Compare the benefits of taking action (8/10) with your life outcome if you do nothing (4/10). Is a better and more fulfilling life worth the risks you may have to take? This process can help make these decisions easier to consider. Complete this worksheet and share it with a friend or therapist.

See Your Fears for What They Are

Your fears may seem like a terrifying imposing shadow in the dark ready to pounce and devour you at any moment. When applying a logical system to analyze the source of those fears, you may discover the imposing monster is just a harmless little mouse projecting its shadow through the window.

Applying this system will help you to identify your fears and see them for what they are.

You can learn to befriend your fears and work with them instead of allowing them to control your life.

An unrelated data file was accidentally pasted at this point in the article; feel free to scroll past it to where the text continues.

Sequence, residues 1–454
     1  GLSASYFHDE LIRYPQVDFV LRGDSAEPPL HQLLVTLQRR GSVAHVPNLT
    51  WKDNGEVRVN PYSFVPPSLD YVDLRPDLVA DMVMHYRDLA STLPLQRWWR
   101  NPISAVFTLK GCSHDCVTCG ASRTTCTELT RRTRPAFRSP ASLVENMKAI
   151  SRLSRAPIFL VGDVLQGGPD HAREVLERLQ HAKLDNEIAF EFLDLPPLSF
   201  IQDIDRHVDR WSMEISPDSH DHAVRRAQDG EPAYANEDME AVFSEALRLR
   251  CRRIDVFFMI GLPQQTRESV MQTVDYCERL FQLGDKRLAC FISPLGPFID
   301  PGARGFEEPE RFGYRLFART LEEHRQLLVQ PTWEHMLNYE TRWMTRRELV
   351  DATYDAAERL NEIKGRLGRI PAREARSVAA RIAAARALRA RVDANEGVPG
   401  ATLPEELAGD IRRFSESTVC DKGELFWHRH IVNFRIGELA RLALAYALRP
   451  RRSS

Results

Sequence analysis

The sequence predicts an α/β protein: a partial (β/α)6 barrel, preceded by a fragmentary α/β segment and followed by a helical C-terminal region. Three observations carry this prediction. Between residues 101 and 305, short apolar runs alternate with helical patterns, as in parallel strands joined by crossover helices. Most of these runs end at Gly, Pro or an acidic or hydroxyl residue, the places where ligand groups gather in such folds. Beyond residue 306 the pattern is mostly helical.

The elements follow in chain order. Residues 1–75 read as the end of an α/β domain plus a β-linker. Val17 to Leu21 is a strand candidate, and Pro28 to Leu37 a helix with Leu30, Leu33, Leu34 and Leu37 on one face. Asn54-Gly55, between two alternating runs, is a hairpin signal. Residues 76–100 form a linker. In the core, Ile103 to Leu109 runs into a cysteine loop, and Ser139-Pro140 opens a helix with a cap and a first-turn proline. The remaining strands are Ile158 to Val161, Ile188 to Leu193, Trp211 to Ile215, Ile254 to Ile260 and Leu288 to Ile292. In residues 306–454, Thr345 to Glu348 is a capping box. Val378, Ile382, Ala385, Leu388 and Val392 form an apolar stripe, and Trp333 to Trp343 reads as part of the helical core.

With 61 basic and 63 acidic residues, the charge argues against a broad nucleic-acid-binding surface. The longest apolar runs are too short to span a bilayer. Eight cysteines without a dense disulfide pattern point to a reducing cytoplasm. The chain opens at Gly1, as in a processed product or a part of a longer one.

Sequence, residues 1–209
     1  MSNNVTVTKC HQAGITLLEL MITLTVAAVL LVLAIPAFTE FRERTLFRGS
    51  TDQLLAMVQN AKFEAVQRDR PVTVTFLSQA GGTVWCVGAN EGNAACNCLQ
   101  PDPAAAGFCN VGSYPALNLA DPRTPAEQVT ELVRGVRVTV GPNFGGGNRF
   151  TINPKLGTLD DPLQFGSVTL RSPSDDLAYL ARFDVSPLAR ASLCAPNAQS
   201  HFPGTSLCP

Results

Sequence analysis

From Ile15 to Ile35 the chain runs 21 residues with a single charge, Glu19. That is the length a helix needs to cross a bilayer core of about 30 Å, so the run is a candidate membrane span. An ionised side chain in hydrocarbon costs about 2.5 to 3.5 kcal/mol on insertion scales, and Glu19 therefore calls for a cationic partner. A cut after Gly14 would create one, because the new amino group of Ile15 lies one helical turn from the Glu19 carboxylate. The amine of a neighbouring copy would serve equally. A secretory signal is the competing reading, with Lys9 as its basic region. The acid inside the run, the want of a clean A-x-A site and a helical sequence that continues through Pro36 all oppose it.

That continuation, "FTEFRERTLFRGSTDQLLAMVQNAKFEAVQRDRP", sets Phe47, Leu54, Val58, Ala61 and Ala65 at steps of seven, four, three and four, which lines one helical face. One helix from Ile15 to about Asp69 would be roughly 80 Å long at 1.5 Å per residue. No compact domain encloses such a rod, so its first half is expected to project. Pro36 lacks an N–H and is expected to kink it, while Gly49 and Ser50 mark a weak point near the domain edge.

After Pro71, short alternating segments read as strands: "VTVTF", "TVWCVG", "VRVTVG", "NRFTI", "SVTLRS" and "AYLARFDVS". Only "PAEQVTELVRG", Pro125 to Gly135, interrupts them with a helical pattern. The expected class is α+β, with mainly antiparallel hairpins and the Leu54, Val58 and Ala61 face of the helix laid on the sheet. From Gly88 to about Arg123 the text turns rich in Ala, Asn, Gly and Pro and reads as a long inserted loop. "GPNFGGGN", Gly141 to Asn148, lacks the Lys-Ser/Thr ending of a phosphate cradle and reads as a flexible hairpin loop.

Ferriss, Tim. “Fear-Setting: The Most Valuable Exercise I Do Every Month.” The Blog of Author Tim Ferriss, 15 Nov. 2020,

Kim, John. “6 Ways to Conquer Your Fears.” Psychology Today, Sussex Publishers, 30 Sept. 2020,

Stephens, William O. “A Stoicism for Our Time?” International Journal of the Classical Tradition, vol. 6, no. 3, 2000, pp. 438–446. JSTOR, Accessed 5 Jan. 2021.

The Surprisingly Simple Method to Crush Your New Year’s Resolutions

Written by David Davenport – Contributing Author Healing Arts Institute

The start of a new year can be symbolic of starting a new and better life. We make promises to ourselves about how we intend to live healthier, be kinder, or become better parents.

Ask yourself this question. How many of my New Year’s resolutions did I maintain in 2020?

Our hearts may be in the right place, but our good intentions often fall to the wayside in favor of old comforting habits.

Well, not this year!

Forming a new habit is difficult. Sustaining it over the long haul can be incredibly challenging if you don’t know how to do it. 

Fortunately, you are about to learn the simple secret to maintaining any new habit for long term success.

Just keep it to Yourself

When we announce our intentions, it is usually because we are seeking the approval and admiration of others who might be impressed with our ambition. We want our friends and family to be proud of us!